Dan Algeo is remembered by Cardinal O’Hara players past and present as a deeply dedicated and caring coach.
Dan Algeo is remembered by Cardinal O'Hara players past and present as a deeply dedicated and caring coach.

MARPLE — Under ominous skies Thursday morning, there were few sounds at Cardinal O'Hara's football field.

The muggy air was bereft of the usual trappings of a summer morning — a chorus of barked-out encouragement for the scheduled preseason camp, the shrill command of a whistle prescribing the next drill, the cacophony of athletes panting, grunting and (dare it be said) even laughing their way through a workout.

What replaced that Thursday was a series of somber hugs, embraces of consolation, of remembrance, of loss. Instead of wiping away sweat from their faces, the O'Hara campers were left to clear away tears for a life deeply cherished.

The news was delivered Thursday to those players, the next crop to inherit the mantle of Cardinal O'Hara's football program, that their coach and mentor, Danny Algeo, had died from complications of a heart attack suffered earlier this week. The architect of the Lions' program for the last decade was 49.

The devastating news was conveyed in a manner befitting all that Algeo built at O'Hara — not disseminated as if to campers or to football players or to kids, but to a group of young men who Algeo had helped shape into a family of brothers.


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Apropos of that relationship, the remembrances of Algeo by former players were only tangentially about football. That was the thread that united them, the one that brought many of them to O'Hara, the one that allowed Algeo to shape them into a family as well as a team. The fact that they were drawn to this idea fostered by Algeo and brought together by ambition more than just some geography, served to forge the relationship between them.

The orchestrator was Algeo, omnipresent on the sidelines, ready with a handshake as every athlete arrived and left for the day and a prayer for every huddle. No one beat him into the weight room in the morning, and no one saw him leave at night, of that he made sure.

That strength of will makes his passing all the more jarring to those left to mourn.

"It seems like a nightmare, like it's just not real life," said All-Delco kicker Steve Weyler. "I mean, it's coach Algeo. ... Right now it doesn't seem real. He wasn't just my coach. He was my friend, my biggest supporter and my biggest fan. I'm just in disbelief that he's gone. I've got an angel watching over me this season, and I know I wouldn't be here if it wasn't for him."

Football was in Algeo's blood. His father, Jim, a head coach at Lansdale Catholic for over a half-century, made sure the game was passed down to Algeo and his brother, Jim, a well-traveled assistant in the area.

That mode of transmission — by way of family — remained a hallmark of Algeo's style. Each fall, as he brought players together to play football, he knew one had to precede the other — that success on the gridiron would be impossible if the team mentality didn't take root away from it.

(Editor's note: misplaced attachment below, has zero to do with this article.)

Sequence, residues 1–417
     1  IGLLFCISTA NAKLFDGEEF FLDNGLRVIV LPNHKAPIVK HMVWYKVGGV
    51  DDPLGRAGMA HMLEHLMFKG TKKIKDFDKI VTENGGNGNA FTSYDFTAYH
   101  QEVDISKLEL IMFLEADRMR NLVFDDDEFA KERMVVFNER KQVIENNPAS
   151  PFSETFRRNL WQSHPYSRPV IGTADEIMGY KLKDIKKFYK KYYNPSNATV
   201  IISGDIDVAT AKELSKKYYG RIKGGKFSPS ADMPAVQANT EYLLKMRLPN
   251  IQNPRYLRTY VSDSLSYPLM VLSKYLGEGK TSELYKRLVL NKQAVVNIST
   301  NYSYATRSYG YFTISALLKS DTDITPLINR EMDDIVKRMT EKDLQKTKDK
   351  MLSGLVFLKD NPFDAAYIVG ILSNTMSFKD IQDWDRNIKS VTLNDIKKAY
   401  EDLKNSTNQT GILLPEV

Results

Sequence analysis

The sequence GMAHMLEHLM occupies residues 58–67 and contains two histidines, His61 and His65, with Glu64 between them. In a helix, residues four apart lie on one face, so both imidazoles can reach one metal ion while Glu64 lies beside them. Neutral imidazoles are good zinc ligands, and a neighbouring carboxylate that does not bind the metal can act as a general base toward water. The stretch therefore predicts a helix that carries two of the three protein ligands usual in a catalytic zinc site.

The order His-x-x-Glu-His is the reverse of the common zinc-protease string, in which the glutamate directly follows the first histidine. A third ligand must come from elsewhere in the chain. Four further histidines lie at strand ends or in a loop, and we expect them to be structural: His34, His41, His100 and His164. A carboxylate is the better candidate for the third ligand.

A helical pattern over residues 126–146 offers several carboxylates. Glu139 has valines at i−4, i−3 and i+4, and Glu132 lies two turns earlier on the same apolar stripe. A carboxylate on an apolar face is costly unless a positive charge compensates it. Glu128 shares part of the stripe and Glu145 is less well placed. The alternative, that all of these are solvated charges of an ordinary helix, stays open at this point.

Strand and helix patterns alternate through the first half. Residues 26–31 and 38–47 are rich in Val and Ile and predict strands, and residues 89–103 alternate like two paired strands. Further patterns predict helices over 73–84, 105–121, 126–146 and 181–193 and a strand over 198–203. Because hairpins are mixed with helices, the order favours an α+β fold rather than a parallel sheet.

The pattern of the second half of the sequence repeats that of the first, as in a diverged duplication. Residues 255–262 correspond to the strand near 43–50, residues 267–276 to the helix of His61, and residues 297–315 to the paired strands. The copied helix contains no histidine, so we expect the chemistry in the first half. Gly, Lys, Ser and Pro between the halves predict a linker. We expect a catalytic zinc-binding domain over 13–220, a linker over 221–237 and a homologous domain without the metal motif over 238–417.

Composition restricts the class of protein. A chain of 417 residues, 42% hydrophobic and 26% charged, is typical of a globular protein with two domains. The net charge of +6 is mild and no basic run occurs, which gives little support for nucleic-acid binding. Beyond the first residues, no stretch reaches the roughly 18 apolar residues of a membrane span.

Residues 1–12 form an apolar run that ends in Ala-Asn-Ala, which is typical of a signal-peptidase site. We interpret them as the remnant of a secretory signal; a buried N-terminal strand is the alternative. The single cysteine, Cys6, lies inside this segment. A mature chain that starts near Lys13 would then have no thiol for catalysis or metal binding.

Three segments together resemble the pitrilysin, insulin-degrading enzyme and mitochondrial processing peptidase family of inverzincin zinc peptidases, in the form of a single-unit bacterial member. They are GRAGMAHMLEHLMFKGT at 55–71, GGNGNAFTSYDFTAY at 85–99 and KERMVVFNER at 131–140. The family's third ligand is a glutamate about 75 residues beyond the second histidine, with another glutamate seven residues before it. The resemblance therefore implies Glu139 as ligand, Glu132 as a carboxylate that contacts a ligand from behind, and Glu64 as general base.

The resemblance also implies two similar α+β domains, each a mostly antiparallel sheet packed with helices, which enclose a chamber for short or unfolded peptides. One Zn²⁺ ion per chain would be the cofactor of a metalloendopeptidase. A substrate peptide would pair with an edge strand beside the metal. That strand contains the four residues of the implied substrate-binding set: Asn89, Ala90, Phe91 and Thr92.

That meant in the classroom, in the weight room, in cookouts and gatherings galore, Algeo would meld young men from different backgrounds and different areas of Delco into a cohesive unit that was so much more than a team.

"We always say we're one big family, and things like this show how strong that bond is," said Weyler, who'll kick next year at Villanova. "It shows how big of an impact he had on so many people, and not just football players. Today I've talked to guys I haven't talked to in four or five years. We all come together because we need each other."

"He stressed that the first day we got there, that we were a family," said Thaddius Smith, an All-Delco who'll continue his career at Boston College in the fall. "It was going to take all of us to win. It's not just one person. It's going to take everyone."

Algeo had the trappings of the archetypal football coach — Weyler references his "Irish temper" that surfaced from time to time to go with a taskmaster demeanor when necessary. His statistics — 98 wins in 15 seasons on the job, including 68 in 10 campaigns with O'Hara — illustrate the loss sustained by the coaching community.

But the numbers capture a tiny fraction of Algeo's influence, a reality corroborated by the nearly two dozen faces of Lions playing in college who adorn the program's website or by the three Lions who will participate in NFL camps in the coming weeks.

"He had a very huge impact on my life the past four years,' Smith said. "I know without him I wouldn't be here right now, because of the connections he has with coaches. He wanted the best for everyone on the team. He wanted us to be great. I'm happy I got to know him as a coach and a father figure. No doubt he helped me get to next level."

"He made every single player feel like they were the most important player in the world, no matter what," Weyler said. "He made every day better, made you smile every day."

That's what was missing most poignantly Thursday as the O'Hara players gathered: Algeo, sporting his blue Under Armour shirt, veneered in sunscreen against the summer heat, ready with a workout, a prayer and a lesson whose meaning wasn't confined to the field of play.

That's a void that won't soon be filled in the hearts and minds of many.